• Wide Temp – Increasingly, today’s surveillance equipment is being installed in harsh locations. Having a computer that can handle extreme temperatures ensures reliability and gives peace of mind. While not all security hardware needs to operate in extreme temps, if a computer will be exposed to the elements, -10°C to 60°C should be the minimum rating to look for in all your equipment. Remembering that the temperature of a system is only as good as the weakest component can prevent surprise failures in the field.
  • ASIS CCTV VanAutomotive Ignition Sensing Power – When installing surveillance equipment in an automotive setting, power is often the biggest hurdle. You need computers that can sense when the automobile is turned off, ensuring the computer doesn’t drain the battery and cause damage to other electrical components. Automotive computers have special intelligent functions enabling the system to turn on and off with the rest of the internal components, ensuring the reliability of the computer and the vehicle.
  • High Performance – As footage resolutions and frame rates increase, and the number of cameras required also goes up, the need for high performance computers is crucial. Intel’s Core i7 processing is ideal for this and is becoming a popular choice in the surveillance industry. Also, high performance storage media also ensures smooth and reliable recording. SSD’s offer high performance and solid state operation while traditional drives offer high storage capacities at affordable prices.

What Do Security Integrators Need?

The security integrators we talked to told us loud and clear that they are interested in a rugged lineup of hardware that would help them penetrate new, big markets like urban transit and fleet security. They also wanted service options that would support their business: a clear product line architecture (good, better, best); net terms; VMS software imaging and licensing; quick ship times, a spare the air program, and rock solid technical support.

VMS and surveillance solution providers who we talked to, by contrast, were interested in heat dissipation (thermal performance of our units) and our OEM services: industrial design and branding to help them stand out, combined with an off the shelf approach to system development that would limit from-scratch development costs.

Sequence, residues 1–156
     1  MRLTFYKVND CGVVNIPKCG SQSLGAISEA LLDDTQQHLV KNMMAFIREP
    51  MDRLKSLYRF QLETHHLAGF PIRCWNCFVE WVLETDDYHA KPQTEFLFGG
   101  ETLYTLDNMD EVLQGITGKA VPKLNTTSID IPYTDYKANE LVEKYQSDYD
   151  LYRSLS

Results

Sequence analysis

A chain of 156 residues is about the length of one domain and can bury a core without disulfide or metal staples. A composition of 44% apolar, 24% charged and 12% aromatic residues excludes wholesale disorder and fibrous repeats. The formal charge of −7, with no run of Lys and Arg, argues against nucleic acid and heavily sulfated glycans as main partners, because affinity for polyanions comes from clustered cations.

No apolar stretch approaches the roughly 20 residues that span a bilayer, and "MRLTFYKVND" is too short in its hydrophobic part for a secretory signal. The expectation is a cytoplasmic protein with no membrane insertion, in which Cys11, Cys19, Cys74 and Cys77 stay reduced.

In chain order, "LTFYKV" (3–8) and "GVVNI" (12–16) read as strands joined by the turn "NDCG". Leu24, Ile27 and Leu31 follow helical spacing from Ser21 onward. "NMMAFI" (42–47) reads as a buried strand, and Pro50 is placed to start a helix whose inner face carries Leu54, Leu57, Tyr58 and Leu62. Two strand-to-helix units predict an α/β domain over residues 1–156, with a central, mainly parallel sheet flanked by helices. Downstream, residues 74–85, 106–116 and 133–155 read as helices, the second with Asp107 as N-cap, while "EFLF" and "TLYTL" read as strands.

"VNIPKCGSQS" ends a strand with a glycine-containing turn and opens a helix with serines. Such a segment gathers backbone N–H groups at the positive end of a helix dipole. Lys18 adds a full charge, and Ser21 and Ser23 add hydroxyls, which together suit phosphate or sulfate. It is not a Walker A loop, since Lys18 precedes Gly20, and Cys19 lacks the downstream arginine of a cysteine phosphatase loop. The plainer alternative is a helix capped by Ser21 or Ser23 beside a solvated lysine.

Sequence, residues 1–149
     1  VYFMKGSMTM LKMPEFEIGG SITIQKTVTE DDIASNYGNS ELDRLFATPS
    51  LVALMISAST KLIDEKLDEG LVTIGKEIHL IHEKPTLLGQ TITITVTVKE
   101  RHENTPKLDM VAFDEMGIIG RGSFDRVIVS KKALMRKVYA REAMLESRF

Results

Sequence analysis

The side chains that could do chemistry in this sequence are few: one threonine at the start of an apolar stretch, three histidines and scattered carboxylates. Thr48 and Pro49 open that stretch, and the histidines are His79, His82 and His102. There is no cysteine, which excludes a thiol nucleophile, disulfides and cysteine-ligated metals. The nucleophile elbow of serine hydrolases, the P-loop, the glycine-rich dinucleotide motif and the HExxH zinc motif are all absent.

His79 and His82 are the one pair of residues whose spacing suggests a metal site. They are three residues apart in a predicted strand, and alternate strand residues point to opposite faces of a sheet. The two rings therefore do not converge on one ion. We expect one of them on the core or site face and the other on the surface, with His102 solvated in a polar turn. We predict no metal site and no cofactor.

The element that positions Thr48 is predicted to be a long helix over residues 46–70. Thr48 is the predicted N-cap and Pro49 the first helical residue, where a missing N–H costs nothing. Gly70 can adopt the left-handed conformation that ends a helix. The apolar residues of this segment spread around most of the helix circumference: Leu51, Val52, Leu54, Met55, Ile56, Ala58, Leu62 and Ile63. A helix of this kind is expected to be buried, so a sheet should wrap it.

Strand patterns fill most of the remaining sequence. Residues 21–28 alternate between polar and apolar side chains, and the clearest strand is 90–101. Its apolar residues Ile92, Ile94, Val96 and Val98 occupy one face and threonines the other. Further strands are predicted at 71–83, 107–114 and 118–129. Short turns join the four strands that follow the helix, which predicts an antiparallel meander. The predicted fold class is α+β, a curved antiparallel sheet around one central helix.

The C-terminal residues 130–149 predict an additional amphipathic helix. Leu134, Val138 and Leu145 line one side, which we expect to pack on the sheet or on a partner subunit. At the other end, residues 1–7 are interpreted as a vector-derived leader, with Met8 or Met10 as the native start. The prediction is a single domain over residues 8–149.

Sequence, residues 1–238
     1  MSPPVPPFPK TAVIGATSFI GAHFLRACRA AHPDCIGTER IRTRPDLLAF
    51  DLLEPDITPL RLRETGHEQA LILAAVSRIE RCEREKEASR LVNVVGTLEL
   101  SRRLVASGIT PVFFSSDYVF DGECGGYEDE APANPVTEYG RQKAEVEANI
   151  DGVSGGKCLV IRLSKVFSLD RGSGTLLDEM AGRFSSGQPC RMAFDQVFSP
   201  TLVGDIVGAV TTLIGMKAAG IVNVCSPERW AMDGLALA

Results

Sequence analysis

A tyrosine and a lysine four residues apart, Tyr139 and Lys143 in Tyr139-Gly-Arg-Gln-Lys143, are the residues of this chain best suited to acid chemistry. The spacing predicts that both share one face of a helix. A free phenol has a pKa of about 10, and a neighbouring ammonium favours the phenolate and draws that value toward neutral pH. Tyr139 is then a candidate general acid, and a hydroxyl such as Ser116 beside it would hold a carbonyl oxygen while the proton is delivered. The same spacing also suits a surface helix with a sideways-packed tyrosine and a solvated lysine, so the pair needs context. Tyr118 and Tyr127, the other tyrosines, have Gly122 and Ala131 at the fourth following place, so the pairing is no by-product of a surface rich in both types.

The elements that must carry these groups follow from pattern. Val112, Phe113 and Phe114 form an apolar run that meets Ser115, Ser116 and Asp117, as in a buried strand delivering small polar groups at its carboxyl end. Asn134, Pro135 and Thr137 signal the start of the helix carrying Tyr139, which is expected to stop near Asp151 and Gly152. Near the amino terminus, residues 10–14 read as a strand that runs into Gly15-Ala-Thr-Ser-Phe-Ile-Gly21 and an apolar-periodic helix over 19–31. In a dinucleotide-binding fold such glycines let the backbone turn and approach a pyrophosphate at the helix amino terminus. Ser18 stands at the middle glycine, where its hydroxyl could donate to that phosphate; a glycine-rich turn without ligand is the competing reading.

What’s In a Name: NVR vs Edge Device vs Edge Server

ASIS Camera SignThe other thing we noticed in Anaheim? There is little standardization about what the market calls our products. Some refer to our systems as rugged or mobile NVRs (in contrast to HVRs and DVRs), others talk about them as Edge Devices, Edge Storage, or Edge Servers. This difference in nomenclature probably has to do with the particular ecosystem the integrator or end user is working with, and really doesn’t make a lot of material difference to us. That said, it drives our marketing team nuts!

As a whole our experience at ASIS 2015 was incredibly positive. In addition to our own booth we were part of the Milestone Systems Partner Pod program, which gave us the opportunity to be part of their ASIS display, show off our MX1000 rugged mobile NVR and chat with integrators utilizing Milestone’s class-leading XProtect® VMS software. We learned a great deal about how XProtect is being used and what Milestone users are looking for in a hardware platform (more to come on that in the near future). The Logic Supply security team is already hard at work following up with some of the folks we met in Anaheim and we’re excited to help them create the perfect surveillance solution for their trains, buses, unmanned vehicles, taxis and trucking fleets.

If you missed our daily recaps of ASIS 2015, you can read them here: Part 1, Part 2, Part 3.